Rooney Lab seeking Undergrad Hns. Students for BIOL 499 projects

Thursday, February 6, 2020

Rooney Lab is seeking motivated Biology students seeking BIOL499 Senior Honour’s project opportunities.  

Terms: Spring and Fall 2020 (May-December 2020)

Supervisor: Dr. Rebecca Rooney

There are a variety of opportunities to get your feet wet in wetland ecology with the Rooney Lab if you're seeking a Hns. thesis project in the U Waterloo Biology Department.  Undergraduate Hns. students in the Rooney lab work closely with graduate student mentors under the supervision of Dr. Rebecca Rooney to develop and implement a research project. In particular, we have an opportunity to test the effects of the herbicide imazapyr on wetland periphyton (i.e., biofilm) communities.

Description: A variety of herbicides are used in agriculture, silviculture, commercial and industrial weed control, and for the control of invasive and nuisance aquatic plants. Wetlands and shallow water environments are often the first point of contact in aquatic systems for herbicides entering from run-off or direct overspray. Periphyton are photosynthetic biofilm communities ubiquitous on submerged surfaces in shallow water systems. Assessing the response of periphyton communities to herbicide exposure is important to understanding the effects of these contaminants on our freshwater systems.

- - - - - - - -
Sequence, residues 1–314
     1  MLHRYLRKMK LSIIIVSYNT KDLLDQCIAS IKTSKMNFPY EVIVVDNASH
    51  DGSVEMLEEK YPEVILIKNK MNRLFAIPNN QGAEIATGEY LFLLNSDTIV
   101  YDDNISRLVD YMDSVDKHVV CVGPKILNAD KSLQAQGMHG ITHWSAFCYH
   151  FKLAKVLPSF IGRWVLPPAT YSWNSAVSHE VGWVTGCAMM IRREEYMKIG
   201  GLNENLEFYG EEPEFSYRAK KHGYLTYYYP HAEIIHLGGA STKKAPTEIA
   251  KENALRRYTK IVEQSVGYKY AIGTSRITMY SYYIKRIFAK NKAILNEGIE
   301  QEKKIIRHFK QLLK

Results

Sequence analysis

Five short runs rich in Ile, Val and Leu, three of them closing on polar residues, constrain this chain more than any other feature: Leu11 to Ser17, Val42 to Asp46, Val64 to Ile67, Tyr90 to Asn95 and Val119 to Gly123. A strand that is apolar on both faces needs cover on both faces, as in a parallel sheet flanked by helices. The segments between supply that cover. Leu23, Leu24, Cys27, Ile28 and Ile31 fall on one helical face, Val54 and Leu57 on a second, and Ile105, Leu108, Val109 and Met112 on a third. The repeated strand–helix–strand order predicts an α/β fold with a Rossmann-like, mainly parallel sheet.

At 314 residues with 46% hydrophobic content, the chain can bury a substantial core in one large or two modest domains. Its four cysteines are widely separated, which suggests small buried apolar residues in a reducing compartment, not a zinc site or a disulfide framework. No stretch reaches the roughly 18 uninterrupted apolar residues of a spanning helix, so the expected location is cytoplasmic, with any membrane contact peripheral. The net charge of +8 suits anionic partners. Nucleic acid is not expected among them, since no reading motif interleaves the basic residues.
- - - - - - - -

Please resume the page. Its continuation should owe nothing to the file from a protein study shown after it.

Schematic indicating how periphyton can bioconcentrate herbicides

This project will involve the installation of periphyton sampling equipment in a wetland system, where it will incubate for at least 4 weeks to allow periphyton colonization. These natural communities will be transported back to the laboratory where we will conduct controlled exposure experiments in microcosms. We will collect water and periphyton samples for subsequent analysis to assess how the periphyton responses to herbicide exposure.

This project offers an opportunity to:

  • Experience wetland field work as part of a field work team
  • Conduct laboratory experiments to examine metabolic responses under controlled conditions
  • Gain a better understanding of the research process, the fun and challenges involved, and to be involved in all steps of the process
  • Benefit from the learning opportunities available as part of a dynamic lab group
  • Contribute to the development of a research publication

Review departmental information and requirements for BIOL 499 here.

Project-specific requirements: Interest and availability for field work in freshwater aquatic and wetland environments. This may involve working in field gear (e.g. hip waders), carrying heavy equipment, and working outside under a range of weather conditions.

If you have interest or questions about this project please contact:

Dr. Laura Beecraft,; Subject line: BIOL 499 Spring 2020

Please include a few sentences about your interest in this project and your relevant experience.

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